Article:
The Countryside About Us June 1997

posted 26 May 2017, 00:49 by Chris Hoare
The first time a swallow, newly arrived from Africa, appeared on our telephone wire this year was on April 12th, two weeks earlier than last year’s arrivals. Already, a pair, remarkably tame, was building a nest in my pony’s stable. I wish I could be certain that they were the same birds, or their offspring, as last year. A pair of house martins zoomed about the overhang of the eaves of our house, assessing the spot for a likely nest to be built. A cuckoo declared its arrival with a familiar call on May 4th. Now I am looking for the flycatchers. They usually appear a month after the swallows. On April 18th a newly fledged robin was receiving much attention from its anxious parents. How bold and trusting these “Christmas” birds are. This was nicely demonstrated to me recently when a friend who lives in Earl Soham Street opened his back door and held out his hand on which he had placed a tit bit. Within seconds this “tame” bird alighted on his outstretched palm snatched up the morsel and was away. 

You may hardly bother to give a second thought, or even first thought, glancing at the sugarbeet growing in fields near Saxtead Mill. However, I am sure if you were of the generation that laboured under a hot May sun “chopping out” and “singling” you could not help but reflect on the changing times. Now precision drilling has replaced hours of working with a hoe reducing the continuous rows of sugarbeet plants first to small groups and then to a single plant each to be about 9” from its neighbour. Even a 10 acre field looked like a vast plain when first the task began. Now the farm worker’s aching back and arms are but a memory. The Queen’s birthday parade could hardly look more precise than the sugarbeet fields of today. Precision drilling is now well established. The drill places each seed 9 inches from its neighbour, each row 27 inches apart.. Serried ranks of plants require no manual labour at all. The gossip of village news between the farm workers as they methodically progressed along the endless rows in echelon is no more.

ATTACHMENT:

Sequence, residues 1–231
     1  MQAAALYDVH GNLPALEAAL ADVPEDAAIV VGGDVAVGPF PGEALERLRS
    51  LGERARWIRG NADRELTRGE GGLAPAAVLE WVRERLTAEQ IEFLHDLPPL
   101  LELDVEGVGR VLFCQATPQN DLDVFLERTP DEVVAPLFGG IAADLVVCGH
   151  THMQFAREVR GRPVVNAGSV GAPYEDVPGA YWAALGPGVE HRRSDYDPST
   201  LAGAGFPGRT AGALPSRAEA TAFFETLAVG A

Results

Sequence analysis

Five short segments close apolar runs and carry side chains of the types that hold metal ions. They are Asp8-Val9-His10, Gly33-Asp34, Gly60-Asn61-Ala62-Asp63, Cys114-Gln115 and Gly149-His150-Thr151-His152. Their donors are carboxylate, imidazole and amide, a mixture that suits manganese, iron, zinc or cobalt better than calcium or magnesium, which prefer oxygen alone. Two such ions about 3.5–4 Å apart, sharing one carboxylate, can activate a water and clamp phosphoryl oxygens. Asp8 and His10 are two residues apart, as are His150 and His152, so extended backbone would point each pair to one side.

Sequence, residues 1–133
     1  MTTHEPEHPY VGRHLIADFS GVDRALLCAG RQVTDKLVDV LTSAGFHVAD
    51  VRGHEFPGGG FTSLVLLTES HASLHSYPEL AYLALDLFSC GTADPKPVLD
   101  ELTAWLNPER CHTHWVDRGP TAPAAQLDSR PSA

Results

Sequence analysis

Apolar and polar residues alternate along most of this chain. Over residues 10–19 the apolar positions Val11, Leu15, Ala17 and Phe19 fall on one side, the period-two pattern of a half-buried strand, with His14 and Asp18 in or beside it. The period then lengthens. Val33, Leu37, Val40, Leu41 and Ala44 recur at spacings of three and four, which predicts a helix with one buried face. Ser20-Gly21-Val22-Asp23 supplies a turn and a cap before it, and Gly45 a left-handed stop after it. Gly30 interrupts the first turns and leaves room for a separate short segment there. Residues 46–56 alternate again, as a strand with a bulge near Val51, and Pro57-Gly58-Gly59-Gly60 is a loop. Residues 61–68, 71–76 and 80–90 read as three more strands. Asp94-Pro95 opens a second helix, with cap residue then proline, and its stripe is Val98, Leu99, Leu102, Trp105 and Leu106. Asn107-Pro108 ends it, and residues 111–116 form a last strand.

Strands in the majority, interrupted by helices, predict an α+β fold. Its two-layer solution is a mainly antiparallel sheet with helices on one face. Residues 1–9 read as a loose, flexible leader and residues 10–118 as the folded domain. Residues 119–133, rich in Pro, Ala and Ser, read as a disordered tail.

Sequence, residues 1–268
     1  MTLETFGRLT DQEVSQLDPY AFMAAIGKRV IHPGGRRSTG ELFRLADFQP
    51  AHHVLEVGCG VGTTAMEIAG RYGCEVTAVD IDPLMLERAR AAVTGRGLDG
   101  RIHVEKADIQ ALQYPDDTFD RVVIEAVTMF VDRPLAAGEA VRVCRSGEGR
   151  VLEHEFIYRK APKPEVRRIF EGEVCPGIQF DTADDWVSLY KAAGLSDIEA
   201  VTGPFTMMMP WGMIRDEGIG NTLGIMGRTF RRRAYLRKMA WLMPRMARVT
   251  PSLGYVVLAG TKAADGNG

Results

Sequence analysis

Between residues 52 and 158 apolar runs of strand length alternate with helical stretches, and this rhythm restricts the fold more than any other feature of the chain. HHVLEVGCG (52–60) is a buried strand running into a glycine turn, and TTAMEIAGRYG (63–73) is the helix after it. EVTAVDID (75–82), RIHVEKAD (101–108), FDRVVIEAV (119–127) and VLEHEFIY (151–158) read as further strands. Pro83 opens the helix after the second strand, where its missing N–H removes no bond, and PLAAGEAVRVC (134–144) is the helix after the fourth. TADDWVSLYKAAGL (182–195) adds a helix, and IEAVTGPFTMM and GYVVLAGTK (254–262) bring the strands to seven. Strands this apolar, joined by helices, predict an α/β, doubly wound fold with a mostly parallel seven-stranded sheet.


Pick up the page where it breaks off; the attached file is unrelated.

Do you remember the mare Selime ? She was due to have her foal towards the end of April. Long before the expected time of birh her owner checked her every day, early and late. A “full time” birth was expected. Imagine then the surprise and delight when one morning,, she was greeted by, not the usual friendly “whinney” from Seline in her stable, but a newly born healthy filly foal as well, lying in the straw ! Tiggy the foal, for that is now her name, had arrived two weeks early. The dark coloured filly never looked back. Although ”mum” had to have some veterinary attention, she is now well and proudly rearing her leggy energetic offspring in a grassy paddock.       

Roger Sykes